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Saturday, August 13, 2022
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TEACHERS UNION THREATENS TO SUE GERS

The St. Thomas-St. John teachers union has rejected the retirement system's justification of huge salary increases for 18 high-level personnel and is considering taking legal action to stop the pay hikes.
According to one official, the union may also demand the resignation of the Government Employees Retirement System board members in hopes that a new board would roll back the increases, the Daily News reported Wednesday.
Glen Smith, president of the St. Thomas-St. John Federation of Teachers, said union members consider the raises imprudent. They also regard the full-page ads that GERS has placed in local papers as awaste of money.
Also at issue, Smith said, are the retroactive wages owed to AFT members.
GERS employees are receiving large pay increases while AFT members are still owed retroactive wages.
The Legislature had considered borrowing from GERS to pay the retroactive wages, but dropped the idea because of repeated warnings that the retirement system was already overburdened.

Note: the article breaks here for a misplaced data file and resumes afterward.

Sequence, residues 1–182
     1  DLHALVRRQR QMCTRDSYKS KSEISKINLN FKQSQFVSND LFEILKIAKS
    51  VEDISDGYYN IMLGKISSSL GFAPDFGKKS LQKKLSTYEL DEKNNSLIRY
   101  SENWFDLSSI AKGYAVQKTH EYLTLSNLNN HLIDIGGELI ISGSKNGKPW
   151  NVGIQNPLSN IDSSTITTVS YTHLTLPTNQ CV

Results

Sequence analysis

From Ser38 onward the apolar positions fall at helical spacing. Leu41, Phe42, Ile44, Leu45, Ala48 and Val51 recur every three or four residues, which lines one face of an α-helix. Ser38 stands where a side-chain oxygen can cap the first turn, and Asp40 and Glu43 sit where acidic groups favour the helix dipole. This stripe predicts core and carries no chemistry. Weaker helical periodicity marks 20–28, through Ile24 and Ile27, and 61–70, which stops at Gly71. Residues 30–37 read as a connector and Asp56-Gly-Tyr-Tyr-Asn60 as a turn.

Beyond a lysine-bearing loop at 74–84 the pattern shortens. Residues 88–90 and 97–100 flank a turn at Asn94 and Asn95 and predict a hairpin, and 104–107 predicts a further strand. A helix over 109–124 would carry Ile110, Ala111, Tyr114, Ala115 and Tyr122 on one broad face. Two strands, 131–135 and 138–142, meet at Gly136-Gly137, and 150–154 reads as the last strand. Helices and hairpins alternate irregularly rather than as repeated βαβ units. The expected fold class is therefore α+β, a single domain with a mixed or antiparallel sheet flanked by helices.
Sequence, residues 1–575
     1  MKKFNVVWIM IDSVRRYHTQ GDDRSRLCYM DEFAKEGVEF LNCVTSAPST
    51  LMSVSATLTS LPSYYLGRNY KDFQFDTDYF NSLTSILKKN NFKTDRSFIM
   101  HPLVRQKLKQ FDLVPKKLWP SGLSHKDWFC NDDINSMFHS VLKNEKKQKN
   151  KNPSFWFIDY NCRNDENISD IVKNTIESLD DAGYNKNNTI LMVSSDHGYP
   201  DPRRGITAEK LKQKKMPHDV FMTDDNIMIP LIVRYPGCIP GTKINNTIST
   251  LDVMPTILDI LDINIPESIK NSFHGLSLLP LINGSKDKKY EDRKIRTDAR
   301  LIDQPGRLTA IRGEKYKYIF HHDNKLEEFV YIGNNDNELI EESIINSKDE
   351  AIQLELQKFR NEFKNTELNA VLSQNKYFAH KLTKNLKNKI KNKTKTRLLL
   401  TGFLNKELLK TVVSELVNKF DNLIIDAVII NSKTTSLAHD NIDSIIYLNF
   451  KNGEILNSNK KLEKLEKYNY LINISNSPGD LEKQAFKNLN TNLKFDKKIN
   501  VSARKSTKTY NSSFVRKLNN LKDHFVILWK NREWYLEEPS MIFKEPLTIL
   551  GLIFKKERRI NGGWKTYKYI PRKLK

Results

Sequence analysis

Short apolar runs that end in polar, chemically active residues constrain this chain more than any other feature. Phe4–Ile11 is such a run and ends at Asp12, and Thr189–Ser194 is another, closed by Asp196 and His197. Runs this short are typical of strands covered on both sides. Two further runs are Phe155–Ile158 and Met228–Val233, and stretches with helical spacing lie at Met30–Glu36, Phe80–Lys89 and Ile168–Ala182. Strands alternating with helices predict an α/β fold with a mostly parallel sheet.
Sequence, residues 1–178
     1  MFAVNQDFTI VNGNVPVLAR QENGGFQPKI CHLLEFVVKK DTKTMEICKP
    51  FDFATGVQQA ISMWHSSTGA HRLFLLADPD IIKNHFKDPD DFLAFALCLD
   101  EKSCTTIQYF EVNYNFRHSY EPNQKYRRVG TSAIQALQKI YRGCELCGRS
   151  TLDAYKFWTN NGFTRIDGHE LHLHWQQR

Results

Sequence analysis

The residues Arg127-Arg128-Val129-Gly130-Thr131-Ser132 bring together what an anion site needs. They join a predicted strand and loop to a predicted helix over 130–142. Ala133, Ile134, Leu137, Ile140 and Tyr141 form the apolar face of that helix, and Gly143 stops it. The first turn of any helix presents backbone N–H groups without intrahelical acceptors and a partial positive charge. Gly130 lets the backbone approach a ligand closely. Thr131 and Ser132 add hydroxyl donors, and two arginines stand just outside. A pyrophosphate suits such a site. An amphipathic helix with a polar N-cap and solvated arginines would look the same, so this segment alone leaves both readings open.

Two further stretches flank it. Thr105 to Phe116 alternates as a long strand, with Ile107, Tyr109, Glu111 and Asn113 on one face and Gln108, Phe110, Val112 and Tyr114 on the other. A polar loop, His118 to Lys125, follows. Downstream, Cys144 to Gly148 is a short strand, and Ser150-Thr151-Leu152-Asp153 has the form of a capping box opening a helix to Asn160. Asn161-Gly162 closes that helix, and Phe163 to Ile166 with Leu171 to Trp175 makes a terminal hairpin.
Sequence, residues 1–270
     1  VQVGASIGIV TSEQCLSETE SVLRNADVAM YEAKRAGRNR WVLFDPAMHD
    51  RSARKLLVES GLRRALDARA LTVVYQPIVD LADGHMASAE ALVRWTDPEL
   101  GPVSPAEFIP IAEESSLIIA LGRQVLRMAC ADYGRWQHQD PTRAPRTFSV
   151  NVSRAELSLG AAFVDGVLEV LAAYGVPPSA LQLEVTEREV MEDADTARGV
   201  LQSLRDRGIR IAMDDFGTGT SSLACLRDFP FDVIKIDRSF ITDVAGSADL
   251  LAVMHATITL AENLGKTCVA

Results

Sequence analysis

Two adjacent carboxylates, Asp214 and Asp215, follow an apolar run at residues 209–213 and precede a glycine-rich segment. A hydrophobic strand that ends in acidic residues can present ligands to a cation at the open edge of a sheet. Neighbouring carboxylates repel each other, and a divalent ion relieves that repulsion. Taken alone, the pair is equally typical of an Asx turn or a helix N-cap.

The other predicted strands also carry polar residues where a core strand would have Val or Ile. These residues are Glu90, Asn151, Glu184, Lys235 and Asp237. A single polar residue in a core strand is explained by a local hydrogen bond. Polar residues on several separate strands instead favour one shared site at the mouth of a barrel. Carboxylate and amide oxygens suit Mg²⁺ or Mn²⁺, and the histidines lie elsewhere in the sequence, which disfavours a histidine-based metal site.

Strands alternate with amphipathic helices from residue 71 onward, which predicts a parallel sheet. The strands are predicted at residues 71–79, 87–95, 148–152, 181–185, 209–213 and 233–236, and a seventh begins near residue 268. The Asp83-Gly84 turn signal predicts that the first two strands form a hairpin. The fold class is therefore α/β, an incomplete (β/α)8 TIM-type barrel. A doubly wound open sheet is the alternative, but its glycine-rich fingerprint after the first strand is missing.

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The St. Thomas-St. John teachers union has rejected the retirement system's justification of huge salary increases for 18 high-level personnel and is considering taking legal action to stop the pay hikes.
According to one official, the union may also demand the resignation of the Government Employees Retirement System board members in hopes that a new board would roll back the increases, the Daily News reported Wednesday.
Glen Smith, president of the St. Thomas-St. John Federation of Teachers, said union members consider the raises imprudent. They also regard the full-page ads that GERS has placed in local papers as awaste of money.
Also at issue, Smith said, are the retroactive wages owed to AFT members.
GERS employees are receiving large pay increases while AFT members are still owed retroactive wages.
The Legislature had considered borrowing from GERS to pay the retroactive wages, but dropped the idea because of repeated warnings that the retirement system was already overburdened.